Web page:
Staunton, Oct 7 – The Soviet Union died when the rhetoric of its communist leaders failed and ever more non-Russians asserted that “we aren’t Soviets” but rather members of this or that nationality. Now something analogous is happening in Putin’s Russia, the rhetoric of the Russian world no longer works and people there are saying “we aren’t Russians.”
That is what women in Daghestan who have been taking part in anti-mobilization and anti-war demonstrations in that North Caucasus republic have told journalists from the Meduza news agency (meduza.io/feature/2022/10/07/ritorika-pro-russkiy-mir-zdes-ne-deystvuet-my-ne-russkie).
And their declarations to the extent they spread to other non-Russian areas may be the single most important response within Russia to a Putin regime that has staked its power and ability to act on the supposed existence of “a Russian world” of which all the residents of the Russian Federation and some abroad are members.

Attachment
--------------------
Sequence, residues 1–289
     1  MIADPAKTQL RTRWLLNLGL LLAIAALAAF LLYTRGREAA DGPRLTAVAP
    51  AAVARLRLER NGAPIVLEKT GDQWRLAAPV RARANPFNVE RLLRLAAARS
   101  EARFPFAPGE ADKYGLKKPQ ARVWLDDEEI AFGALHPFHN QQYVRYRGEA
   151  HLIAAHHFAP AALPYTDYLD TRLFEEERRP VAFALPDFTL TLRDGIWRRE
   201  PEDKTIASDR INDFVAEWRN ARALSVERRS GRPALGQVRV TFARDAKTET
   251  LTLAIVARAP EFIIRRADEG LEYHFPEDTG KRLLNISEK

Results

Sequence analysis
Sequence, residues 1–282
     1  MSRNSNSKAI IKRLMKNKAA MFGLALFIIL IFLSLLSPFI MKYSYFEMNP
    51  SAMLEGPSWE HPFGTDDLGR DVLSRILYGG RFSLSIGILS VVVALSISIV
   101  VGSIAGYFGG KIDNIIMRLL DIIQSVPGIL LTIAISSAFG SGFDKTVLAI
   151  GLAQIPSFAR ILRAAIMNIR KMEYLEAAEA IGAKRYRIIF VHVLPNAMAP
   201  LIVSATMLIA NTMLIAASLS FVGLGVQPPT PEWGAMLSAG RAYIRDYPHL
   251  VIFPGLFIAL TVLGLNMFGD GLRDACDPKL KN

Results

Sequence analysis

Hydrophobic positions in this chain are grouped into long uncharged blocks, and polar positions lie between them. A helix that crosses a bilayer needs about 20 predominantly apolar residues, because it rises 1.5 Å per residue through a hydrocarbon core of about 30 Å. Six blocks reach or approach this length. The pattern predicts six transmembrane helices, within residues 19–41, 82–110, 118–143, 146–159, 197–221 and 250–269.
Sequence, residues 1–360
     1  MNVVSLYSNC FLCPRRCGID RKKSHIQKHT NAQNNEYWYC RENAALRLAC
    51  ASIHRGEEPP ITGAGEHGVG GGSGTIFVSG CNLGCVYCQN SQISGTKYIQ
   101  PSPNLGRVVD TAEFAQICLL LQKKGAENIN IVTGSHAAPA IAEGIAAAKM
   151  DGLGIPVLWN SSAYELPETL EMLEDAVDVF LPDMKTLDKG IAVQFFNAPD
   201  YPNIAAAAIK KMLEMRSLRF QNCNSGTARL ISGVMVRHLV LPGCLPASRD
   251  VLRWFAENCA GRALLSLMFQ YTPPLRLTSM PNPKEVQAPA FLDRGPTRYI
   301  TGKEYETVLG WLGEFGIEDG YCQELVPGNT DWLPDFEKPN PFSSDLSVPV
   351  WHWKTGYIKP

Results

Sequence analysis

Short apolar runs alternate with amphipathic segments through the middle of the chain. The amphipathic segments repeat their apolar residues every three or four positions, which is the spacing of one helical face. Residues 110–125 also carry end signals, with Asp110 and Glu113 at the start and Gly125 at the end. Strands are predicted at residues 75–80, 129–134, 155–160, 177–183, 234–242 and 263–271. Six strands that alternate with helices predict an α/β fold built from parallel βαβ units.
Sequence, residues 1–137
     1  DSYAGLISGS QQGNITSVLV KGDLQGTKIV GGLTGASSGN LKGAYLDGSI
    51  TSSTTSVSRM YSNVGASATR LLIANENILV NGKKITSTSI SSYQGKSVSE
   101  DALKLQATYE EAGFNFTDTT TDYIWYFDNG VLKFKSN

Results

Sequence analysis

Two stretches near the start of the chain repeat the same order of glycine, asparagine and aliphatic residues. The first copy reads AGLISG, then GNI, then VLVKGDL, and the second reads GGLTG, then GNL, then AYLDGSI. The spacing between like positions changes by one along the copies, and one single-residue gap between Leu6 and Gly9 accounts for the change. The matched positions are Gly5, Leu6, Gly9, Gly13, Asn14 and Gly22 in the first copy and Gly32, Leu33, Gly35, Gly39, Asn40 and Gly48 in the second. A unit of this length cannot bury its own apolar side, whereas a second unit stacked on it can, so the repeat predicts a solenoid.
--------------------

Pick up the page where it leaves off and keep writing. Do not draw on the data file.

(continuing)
If non-Russians opt out of being Russian even in the broadest political sense now just as they opted out of being Soviet more than three decades ago, then Putin will either have to find a new mobilizing principle, something he seems disinclined to do, or use force alone, something he may be willing to do but likely lacks enough to be effective all the time.
This shift in identity doesn’t mean that the Russian Federation is about to fall apart in the near future, but it does mean that it no longer has the most important element that holds a country together, a common identity. And without that, its long-term prospects are anything but bright.
Window on Eurasia — New Series